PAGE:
On February 12, 2017, the Karnataka Legislative Assembly, in a welcome move, passed the Prevention of Cruelty to Animals (Karnataka Amendment) Bill, 2017, exempting Kambala and bullock-cart racing from the purview of Prevention of Cruelty to Animals (PCA) Act, 1960. This comes close on the heels of the Tamil Nadu government’s ordinance allowing Jallikattu, okayed by the Centre last month.
When we glance at the timeline of the events that resulted in the Supreme Court’s ban of Jallikattu and Kambala, what stands out is this: to put it plainly, until PETA (and similar organisations) came along, there was really no problem with regard to Jallikattu, Kambala and similar events.
By its own admission on its website, PETA opened shop in India in 2000 and so it’s really astonishing that 14 years of incessant and loud activism and campaigning got it the Supreme Court’s attention and the consequent ban in May 2014.
But what has actually occurred as a social and cultural phenomenon is the fact that a new fault line has been created in an erstwhile harmonious society.
At the risk of oversimplifying, this fault line can be defined as a clash between animal activists/sympathisers and those organising, participating, and patronising events like Kambala, etc. But more deeply, this can also be defined as a clash between the “urban” and the “rural.”
In other words, why is it that almost every anti-Kambala/Jallikattu activist predominantly hails from urban centres and regards these sports as inflicting cruelty to animals while those protesting against such activists regard it almost reverentially, as an integral cultural facet that needs to be protected, nurtured, and perpetuated? Even giving the benefit of doubt to PETA, if its intention behind getting these events banned was indeed noble, did it think about what all would be destroyed as a result as collateral damage?
|It finally took the masses of protesters to wake the government up to the ongoing cultural destruction.|
PETA’s own record of preventing and stopping cruelty to animals on the entire planet — its founding premise — hasn’t been exactly stellar as we shall see. Its 14 year-long and ongoing, targeted activism against Kambala, Jallikattu, etc, merits a fundamental question: are we to believe that Indians as a people had no concept of concern for animals in all their 5000-plus years of history until PETA came along and agitated? But the actual reason doesn’t seem to be PETA’s kindness towards animals, as David Frawley’s DailyO column puts it:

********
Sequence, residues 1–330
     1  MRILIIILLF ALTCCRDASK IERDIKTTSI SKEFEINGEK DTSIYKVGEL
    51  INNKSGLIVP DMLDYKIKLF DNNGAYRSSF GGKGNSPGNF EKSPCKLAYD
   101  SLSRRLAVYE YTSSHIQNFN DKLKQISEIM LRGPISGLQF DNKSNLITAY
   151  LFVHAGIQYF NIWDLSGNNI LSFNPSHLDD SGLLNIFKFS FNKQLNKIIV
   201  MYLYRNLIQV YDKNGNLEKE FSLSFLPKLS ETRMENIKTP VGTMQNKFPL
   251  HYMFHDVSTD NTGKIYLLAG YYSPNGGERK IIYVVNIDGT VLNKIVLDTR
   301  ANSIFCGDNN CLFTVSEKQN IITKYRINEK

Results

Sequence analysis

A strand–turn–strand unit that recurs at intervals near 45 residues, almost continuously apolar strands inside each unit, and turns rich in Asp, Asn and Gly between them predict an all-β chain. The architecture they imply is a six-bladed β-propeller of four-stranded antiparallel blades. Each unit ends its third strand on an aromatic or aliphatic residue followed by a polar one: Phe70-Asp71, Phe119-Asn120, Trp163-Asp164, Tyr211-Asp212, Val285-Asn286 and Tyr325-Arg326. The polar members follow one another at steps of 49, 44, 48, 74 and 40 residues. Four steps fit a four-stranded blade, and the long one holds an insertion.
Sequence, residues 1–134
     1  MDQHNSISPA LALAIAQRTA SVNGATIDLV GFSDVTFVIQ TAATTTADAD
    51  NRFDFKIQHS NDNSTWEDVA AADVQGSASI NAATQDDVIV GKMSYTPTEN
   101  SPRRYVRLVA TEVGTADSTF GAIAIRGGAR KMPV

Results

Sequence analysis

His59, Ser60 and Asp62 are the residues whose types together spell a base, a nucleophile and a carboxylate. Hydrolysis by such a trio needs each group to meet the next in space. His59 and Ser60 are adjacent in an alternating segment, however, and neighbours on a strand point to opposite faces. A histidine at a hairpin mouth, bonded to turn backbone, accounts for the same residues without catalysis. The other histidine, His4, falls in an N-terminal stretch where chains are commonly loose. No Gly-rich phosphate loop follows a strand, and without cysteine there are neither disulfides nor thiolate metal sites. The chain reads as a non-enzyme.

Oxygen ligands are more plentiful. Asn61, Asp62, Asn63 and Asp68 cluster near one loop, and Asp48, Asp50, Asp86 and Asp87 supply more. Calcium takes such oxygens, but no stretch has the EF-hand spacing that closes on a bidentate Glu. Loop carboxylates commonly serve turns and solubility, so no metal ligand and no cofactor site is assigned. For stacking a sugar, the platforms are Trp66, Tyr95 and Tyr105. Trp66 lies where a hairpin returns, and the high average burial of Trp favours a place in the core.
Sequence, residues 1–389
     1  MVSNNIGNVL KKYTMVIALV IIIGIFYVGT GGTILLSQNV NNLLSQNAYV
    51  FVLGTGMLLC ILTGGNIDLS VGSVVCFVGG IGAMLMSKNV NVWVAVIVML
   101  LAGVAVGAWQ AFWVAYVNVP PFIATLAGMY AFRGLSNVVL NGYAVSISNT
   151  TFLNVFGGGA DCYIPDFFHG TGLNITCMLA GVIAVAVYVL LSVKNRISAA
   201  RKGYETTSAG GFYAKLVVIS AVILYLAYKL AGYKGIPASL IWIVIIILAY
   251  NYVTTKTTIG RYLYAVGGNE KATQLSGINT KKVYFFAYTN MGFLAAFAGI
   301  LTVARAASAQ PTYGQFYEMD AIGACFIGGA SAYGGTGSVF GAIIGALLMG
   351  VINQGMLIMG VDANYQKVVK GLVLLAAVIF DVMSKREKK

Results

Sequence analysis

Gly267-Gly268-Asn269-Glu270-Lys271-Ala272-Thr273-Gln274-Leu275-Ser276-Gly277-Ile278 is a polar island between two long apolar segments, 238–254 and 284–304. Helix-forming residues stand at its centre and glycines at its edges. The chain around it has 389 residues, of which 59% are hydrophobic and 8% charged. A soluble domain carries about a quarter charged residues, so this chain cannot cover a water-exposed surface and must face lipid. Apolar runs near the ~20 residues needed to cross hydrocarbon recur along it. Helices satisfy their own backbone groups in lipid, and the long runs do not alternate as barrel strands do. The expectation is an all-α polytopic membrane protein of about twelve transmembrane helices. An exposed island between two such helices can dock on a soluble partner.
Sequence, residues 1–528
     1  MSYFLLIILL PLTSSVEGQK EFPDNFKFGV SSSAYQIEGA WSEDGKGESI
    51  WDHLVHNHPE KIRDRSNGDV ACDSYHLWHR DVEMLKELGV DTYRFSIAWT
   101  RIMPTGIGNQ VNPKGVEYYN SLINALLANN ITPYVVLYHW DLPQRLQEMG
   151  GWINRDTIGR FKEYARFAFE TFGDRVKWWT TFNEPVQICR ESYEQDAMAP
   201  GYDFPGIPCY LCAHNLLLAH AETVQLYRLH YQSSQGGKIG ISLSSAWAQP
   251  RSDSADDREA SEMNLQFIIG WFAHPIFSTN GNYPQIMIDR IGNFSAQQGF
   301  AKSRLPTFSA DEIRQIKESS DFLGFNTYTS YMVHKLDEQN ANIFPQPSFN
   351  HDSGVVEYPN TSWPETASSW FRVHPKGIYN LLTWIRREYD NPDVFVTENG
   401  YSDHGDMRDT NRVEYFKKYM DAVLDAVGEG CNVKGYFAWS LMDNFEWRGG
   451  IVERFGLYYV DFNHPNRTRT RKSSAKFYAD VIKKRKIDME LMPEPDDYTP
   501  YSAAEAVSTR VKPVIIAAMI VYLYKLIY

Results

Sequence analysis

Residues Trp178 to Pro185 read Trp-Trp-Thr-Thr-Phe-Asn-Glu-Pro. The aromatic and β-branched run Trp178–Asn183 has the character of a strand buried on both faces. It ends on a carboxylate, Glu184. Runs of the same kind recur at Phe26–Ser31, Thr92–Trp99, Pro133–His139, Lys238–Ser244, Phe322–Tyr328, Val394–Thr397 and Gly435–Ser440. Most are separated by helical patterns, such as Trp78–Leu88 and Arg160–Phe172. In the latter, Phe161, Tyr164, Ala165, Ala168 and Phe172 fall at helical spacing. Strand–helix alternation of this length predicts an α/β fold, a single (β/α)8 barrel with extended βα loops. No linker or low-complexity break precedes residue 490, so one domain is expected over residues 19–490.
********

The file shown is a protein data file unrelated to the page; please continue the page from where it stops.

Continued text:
Colonial powers used to pontificate over non-western cultures, claiming to civilise them – even India and China that already had older complex civilisations…Beneath the veneer of multiculturalism the fact is that traditional cultures in the world are rapidly disappearing owing to their domination by the forces of globalism, which serve to undermine local cultures. Modern multiculturalism appears to consist of people of all cultures being westernised… The current effort to ban Jallikattu is but part of the ongoing attack on Hindu culture. It is not about protecting animals but about eliminating competing cultures. [Emphasis added]
It’s this westernised aspect that I referred to above in the note on the clash between “urban” and “rural” India.
Besides, PETA is not a constitutional body that has any authority to interfere in and arrogate to itself the right to decide upon our festivals, traditions, and practices. It appears that PETA is accountable to none but has the mandate to create mischief. Yet, the unfortunate fact is that the “hollowed out” (to use Arun Shourie’s phrase) Indian state has allowed such organisations to use precisely our own legal and judicial machinery to wreak this sort of cultural havoc upon us.
For all its animal activism, here’s the record of PETA for 2011:
Out of 760 dogs impounded, they killed 713… As for cats, they impounded 1,211, euthanised 1,198… PETA also took in 58 other companion animals - including rabbits. It killed 54 of them. it kills 84 percent of supposedly "unadoptable" animals within 24 hours of their arrival… testimony under oath in court from a veterinarian showed that PETA was given healthy and adoptable animals who were later found dead by PETA's hands, their bodies unceremoniously thrown away in a supermarket dumpster.